See full SimpliPhi PHI battery specification data sheet details
ZHEJIANG Narada Power Source Co. is a Chinese based company primarily focused on power system and energy storage solutions. The REXC series Lead-Carbon based battery technology uses a nano carbon material with high capacitance and highly conductivity on the negative electrode. The company claims this combines the advantages of both lead acid batteries and super capacitors to enable faster recharge. The lead carbon battery technology provides not only a higher energy density, but also high power, rapid charge and discharge, and longer cycle life than traditional lead-acid batteries. However, the batteries are only currently available in large 6V and 12V modules so multiple strings of batteries would be required for usable capacities above 6kWh which is not ideal for large system but suitable for most domestic hybrid setups. Also the rated capacity can only be obtained at a very slow discharge rate of 100 hours (C100) which is not optimal for a hybrid situation with full discharge more likely to be over 12 hours or less. Although the claimed cycle life of 3000 cycles can be obtained at high temperature of 40degC so in theory they should last longer at lower temperatures. Warranty 5 years - See Warranty certificate
48V bank = 4 x 12V 200Ah (C12) = 4.0kWh usable for 3000cycles to 80% retained capacity (EOL)
Power output – Continuous @ 48V bank = 5.0kW, Peak up to 10kW
Round trip efficiency (estimated) = 82% (based on 12 hour discharge rate - C12)
4 x 12V 200Ah batteries = US$2600 (AU$3600) – Cost per usable kWh = US$650
See full battery specification sheets here - Narada Power
BAE Gel Lead-Acid
BAE Gel Secura batteries are high quality German made lead-acid based batteries designed specifically for off-grid and hybrid installations. BAE manufacture a wide range of batteries of various sizes and voltage configurations but for this review we will focus on the Gel Secura PVV solar (tubular Gel) range.
BAE have been manufacturing lead-acid based batteries for more than 100 years and the latest Gel Secura PVV battery design uses an advanced tubular-plate electrode with woven polyester gauntlet and solid grids in a corrosion-resistant lead-calcium alloy. The fully sealed maintenance free battery design utilizes the VRLA technology and have been proven to perform in harsh conditions and elevated temperatures.
The BAE Secura PVV batteries are single 2V cells therefore require battery configurations of either 12 or 24 batteries in series to create a battery bank nominal voltage of 24V and 48V respectively, refer to our battery article for more information. The secura range like most VRLA batteries are available in a vast range of sizes ranging from 140Ah up to a massive 4940Ah which in turn enables a wide variety of battery bank capacities up to a 235kWh or higher. For this review we selected the smaller 770Ah (C25) battery for the comparison (610Ah @ C10). BAE batteries are capable of deep discharges to a maximum of 80% total capacity but for the purpose of this article we will use a DOD of 50% which according the specifications will provide 3000 cycles to end of life (EOL). Warranty: 5 years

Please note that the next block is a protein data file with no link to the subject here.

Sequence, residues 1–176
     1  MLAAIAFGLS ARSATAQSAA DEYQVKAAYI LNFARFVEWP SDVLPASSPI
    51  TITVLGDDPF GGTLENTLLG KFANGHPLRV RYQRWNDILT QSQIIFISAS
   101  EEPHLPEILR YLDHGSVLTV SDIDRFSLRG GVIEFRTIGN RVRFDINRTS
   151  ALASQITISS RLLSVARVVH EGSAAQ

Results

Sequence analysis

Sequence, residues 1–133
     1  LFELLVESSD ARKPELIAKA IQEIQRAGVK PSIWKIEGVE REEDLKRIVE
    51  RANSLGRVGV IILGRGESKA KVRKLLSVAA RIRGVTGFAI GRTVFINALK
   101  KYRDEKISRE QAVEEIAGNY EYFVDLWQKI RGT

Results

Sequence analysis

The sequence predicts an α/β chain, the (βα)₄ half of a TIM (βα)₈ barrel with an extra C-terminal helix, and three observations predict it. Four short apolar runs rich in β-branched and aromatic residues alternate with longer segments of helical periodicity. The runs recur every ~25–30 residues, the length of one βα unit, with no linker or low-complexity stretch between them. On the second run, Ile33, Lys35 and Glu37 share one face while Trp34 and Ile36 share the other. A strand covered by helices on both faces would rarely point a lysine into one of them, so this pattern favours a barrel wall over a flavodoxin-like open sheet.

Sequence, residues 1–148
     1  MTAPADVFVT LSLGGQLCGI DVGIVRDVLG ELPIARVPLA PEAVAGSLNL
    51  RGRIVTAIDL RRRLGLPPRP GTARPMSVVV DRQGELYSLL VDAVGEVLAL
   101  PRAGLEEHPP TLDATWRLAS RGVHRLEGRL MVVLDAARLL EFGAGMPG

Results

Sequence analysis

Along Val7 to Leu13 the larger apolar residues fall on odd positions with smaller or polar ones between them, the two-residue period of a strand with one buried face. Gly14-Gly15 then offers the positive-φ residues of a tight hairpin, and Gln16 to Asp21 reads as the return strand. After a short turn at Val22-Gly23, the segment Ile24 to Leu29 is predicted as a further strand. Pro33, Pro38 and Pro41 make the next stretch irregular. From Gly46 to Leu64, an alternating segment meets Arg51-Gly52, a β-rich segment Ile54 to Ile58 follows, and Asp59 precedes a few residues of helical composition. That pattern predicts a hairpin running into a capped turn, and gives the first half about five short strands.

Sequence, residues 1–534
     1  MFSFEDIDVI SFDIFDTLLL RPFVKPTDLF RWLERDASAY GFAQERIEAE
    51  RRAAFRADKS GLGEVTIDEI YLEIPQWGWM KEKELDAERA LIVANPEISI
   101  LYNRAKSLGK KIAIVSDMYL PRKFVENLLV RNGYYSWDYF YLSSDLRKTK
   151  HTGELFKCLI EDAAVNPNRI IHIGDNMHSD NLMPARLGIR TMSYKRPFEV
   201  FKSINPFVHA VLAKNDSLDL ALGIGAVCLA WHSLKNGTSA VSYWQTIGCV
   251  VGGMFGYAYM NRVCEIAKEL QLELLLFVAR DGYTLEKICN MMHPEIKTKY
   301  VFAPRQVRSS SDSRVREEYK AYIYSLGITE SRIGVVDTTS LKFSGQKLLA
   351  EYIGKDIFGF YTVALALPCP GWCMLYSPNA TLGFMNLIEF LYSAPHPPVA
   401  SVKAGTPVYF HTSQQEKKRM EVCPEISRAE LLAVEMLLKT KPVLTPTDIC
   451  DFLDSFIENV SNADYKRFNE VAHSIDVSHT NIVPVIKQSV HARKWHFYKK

48V bank = 24 x 2V 610Ah = 14.6kWh usable for 3000cycles to 80% retained capacity (EOL)
Power output – Continuous @ 48V bank = 5.0kW, Peak 9kW or higher**
Round trip efficiency (estimated) = 82% (based on 10 hr rate - C10)
24 x 2V 350Ah batteries = US$9300 (AU$12800) – Cost per usable kWh = US$635
See full BAE Secura PVV Battery specifications
**Unlike Lithium based batteries Continuous and Peak power output of a lead-acid battery bank depends on battery capacity chosen, up to (235kWh @ 48V) and so power output could be rated as high as 100kW.
Sonnen is the leading Germany lithium battery manufacturer and is the largest residential lithium battery system company in Europe. Until recently Sonnen had deployed the largest amount of home battery systems globally surpassing Tesla and LG. The SonnenBatterie ECO range is much like the Tesla Powerwall 2 in that it is an AC battery with built in DC-AC inverter but it still requires an additional solar inverter to function with a solar array.
There are two main differences between the Sonnen and Tesla AC batteries, the first being that Sonnen ECO is available in a range of different sizes with capacities from 3.3kWh up to 16kWh and the second is Sonnen use Lithium Ferro Phosphate or LFP battery chemistry as opposed to Lithium NMC of Tesla. Lithium LFP batteries are regarded as the safest and most stable battery chemistry with the longest life of up to 10,000 cycles.
Possibly the only real disadvantage of the SonnenBatterie ECO over other lithium battery systems is the limited inverter power rating which is a maximum of 2.5kW for all single phase and 3.3kW for all 3-phase systems.
See full SonnenBatterie ECO specification data sheet here
ECO10 - 10kWh usable for 3500cycles to 80% retained capacity (EOL)
Power output – Continuous = 2.5kW, Maximum Peak = 2.6kW
Round trip efficiency (estimated) = 92% including inverter losses
10kWh ECO = US$8500 (AU$10500) – Cost per usable kWh = US$772
Warranty is 10 years - See warranty certificate for more details.
Battery comparison Results
Upfront Cost per kWh - usable capacity
Battery cost per kWh per year over 10 years #
Battery capacity loss chart - Estimated Battery life